4. What are the procedures that provide the logic behind how business is conducted?
Only customers on particular tiers have access to live chat, the fastest way to reach the support team.

5. What systems will support all the above in order to get the customer experience you want?
We use a live chat tool that’s separate from our support email inbox, but can be embedded on our website and in our apps.


CSF could help with the touchpoints portion of the customer experience framework referenced above, so I’m going to dive in right there:

1. Proactive: Known questions that can be answered preemptively using targeted content. When I first reviewed this framework, I was certain it might not work given that our focus on the trial customers was to give them personalized support. However, the more time I spent analyzing this framework, the more I realized that we could proactively share targeted content based on the kind of interaction they are having with our product, and give helpful information that will help them navigate the site better.

For instance, if a customer seems to be spending a lot of time uploading or customizing their site, we could use a chatbot to share information on those actions, giving them access to help articles in the second part of this framework below, or routing them straight to a Support Hero, in the third part of this framework.

2. Self-serve: Repetitive questions that can be automatically answered with chatbots and knowledge base articles. This section of the funnel is where I’m a little stuck, as it’s not directly applicable to the problem we’re trying to resolve. In our case, the kind of questions free-trial customers ask are often pretty complex and detailed, relating only to their accounts. As such, it’s a little challenging for me to envision the kind of automations that could answer these types of questions. Using it in conjunction with the proactive aspect of the funnel delineated previously, not to close tickets but to proactively push relevant help content/education to those trial customers might be the way to go.

3. Human: Complex and VIP questions that can only be answered by a human. When I first saw CSF, I felt that we could only use this part of the framework. That may be your situation, but I’m happy to be proven wrong. The human part where we focus on providing personalized support to free-trial customers will still be highly prioritized, but I can definitely see how the other two parts of the funnel could be helpful in our providing personalized, targeted support to customers who may not wish to or need that kind of support.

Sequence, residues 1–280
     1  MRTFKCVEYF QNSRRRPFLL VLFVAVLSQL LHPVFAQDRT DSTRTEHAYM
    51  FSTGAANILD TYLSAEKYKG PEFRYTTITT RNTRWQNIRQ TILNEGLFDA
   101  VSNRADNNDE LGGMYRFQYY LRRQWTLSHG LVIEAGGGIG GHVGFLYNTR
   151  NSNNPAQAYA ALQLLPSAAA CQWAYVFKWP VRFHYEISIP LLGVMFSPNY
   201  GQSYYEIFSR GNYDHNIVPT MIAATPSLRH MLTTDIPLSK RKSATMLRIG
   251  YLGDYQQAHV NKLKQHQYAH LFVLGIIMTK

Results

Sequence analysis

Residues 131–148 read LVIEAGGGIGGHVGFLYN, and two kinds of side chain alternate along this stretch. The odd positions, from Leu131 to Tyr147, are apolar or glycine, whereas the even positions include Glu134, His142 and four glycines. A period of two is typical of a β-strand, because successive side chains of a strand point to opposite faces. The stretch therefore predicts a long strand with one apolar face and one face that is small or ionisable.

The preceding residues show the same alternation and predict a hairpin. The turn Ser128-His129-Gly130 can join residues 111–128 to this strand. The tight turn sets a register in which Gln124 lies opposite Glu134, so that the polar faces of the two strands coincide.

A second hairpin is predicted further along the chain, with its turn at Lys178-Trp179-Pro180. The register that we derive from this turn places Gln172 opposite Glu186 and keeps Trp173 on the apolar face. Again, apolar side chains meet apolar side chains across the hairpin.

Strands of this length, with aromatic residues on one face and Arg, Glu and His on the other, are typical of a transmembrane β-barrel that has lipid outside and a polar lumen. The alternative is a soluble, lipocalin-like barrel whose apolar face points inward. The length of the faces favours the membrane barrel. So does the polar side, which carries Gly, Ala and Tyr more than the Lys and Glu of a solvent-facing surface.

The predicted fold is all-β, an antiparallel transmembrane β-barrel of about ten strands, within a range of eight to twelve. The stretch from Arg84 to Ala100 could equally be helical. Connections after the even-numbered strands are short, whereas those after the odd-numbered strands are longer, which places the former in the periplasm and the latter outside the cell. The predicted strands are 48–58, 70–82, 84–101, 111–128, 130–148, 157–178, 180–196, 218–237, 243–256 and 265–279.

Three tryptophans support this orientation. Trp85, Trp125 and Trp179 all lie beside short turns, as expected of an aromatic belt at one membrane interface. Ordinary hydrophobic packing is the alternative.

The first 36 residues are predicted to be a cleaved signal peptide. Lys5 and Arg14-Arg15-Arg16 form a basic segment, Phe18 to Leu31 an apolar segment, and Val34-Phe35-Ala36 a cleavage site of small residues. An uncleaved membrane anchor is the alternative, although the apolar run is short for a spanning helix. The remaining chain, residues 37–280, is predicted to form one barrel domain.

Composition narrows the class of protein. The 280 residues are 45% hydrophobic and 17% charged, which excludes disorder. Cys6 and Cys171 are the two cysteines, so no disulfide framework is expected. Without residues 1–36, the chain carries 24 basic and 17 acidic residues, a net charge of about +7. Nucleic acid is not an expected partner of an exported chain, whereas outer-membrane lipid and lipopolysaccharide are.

Based on this analysis, I’d be down to experiment with the CSF for this subset of customers and see how it affects their experience during the free-trial period.


Our final verdict

We’re both still deciding on if a framework is right for us and if the CSF the way to go. We both agree: the time has come for frameworks in support. Times are changing and so are our customers. If we want to keep up we need to lean in and shift for the existing change and be ready for what’s next.

What do you think? Are you ready for frameworks?

If you missed the first post on Introducing the Conversational Support Funnel, be sure to check it out. Stay tuned over the next couple of weeks as we talk about moving from proactive to reactive support and the current landscape of support trends.

Intercom has put together an in-depth Starter Kit to help you learn more about their Conversation Support Funnel framework so you can start using it in your own operations.

The kit includes: 

  • The full scoop on the framework
  • An interactive worksheet to help you plan your funnel
  • Tactics for fast and personal issue response
  • Advice on what to measure and how to get buy-in for your support program

Download the full guide today, and stay tuned to the Support Driven blog for more Intercom framework content to come.

About the Authors

Diana Potter heads up support at Qwilr, spending her days helping her team help customers, figuring out solutions to tricky problems, and trying to keep her cat from joining every video call and giving her opinions.

Follow her on Twitter @drpotter, and find her in Support Driven Slack @drpotter.




Denise Twum works with support leadership at SmugMug to improve policies and processes for the team and customers. Denise dabbles in creative endeavors — learning to read and speak Korean (so she can do better at K-pop Karaoke), knitting, and baking.

Follow her on Twitter @awurama, and in Support Driven Slack as @awurama.




Peer Reviewers

Joy Matthews is a customer support and special operations manager (head of support) at The Tapping SolutionJoy loves processes, puzzles, and manages a small, all-remote team on a mission toward helping people lead happier and healthier lives.

Ozella Bowman is a customer success and marketing program manager at ABLSoft. Ozella develops and implements policy and procedure around customer interaction and support. Known for “putting out fires” with clients before they even begin to flame. Ozella is a crafty creative who loves to make things; literally, a living, breathing, Pinterest board. Weekends are filled with DIY projects and trips to Michael’s

Alex Armstead is a customer support operations manager at Clever Inc. Alex is responsible for driving internal operational effectiveness while optimizing the external customer experience to help Clever scale for growth. Alex is an avid runner, orchestral musician, outdoor adventurer, and beer/wine enthusiast. He can usually be found exploring the San Francisco Bay Area with his partner and dog.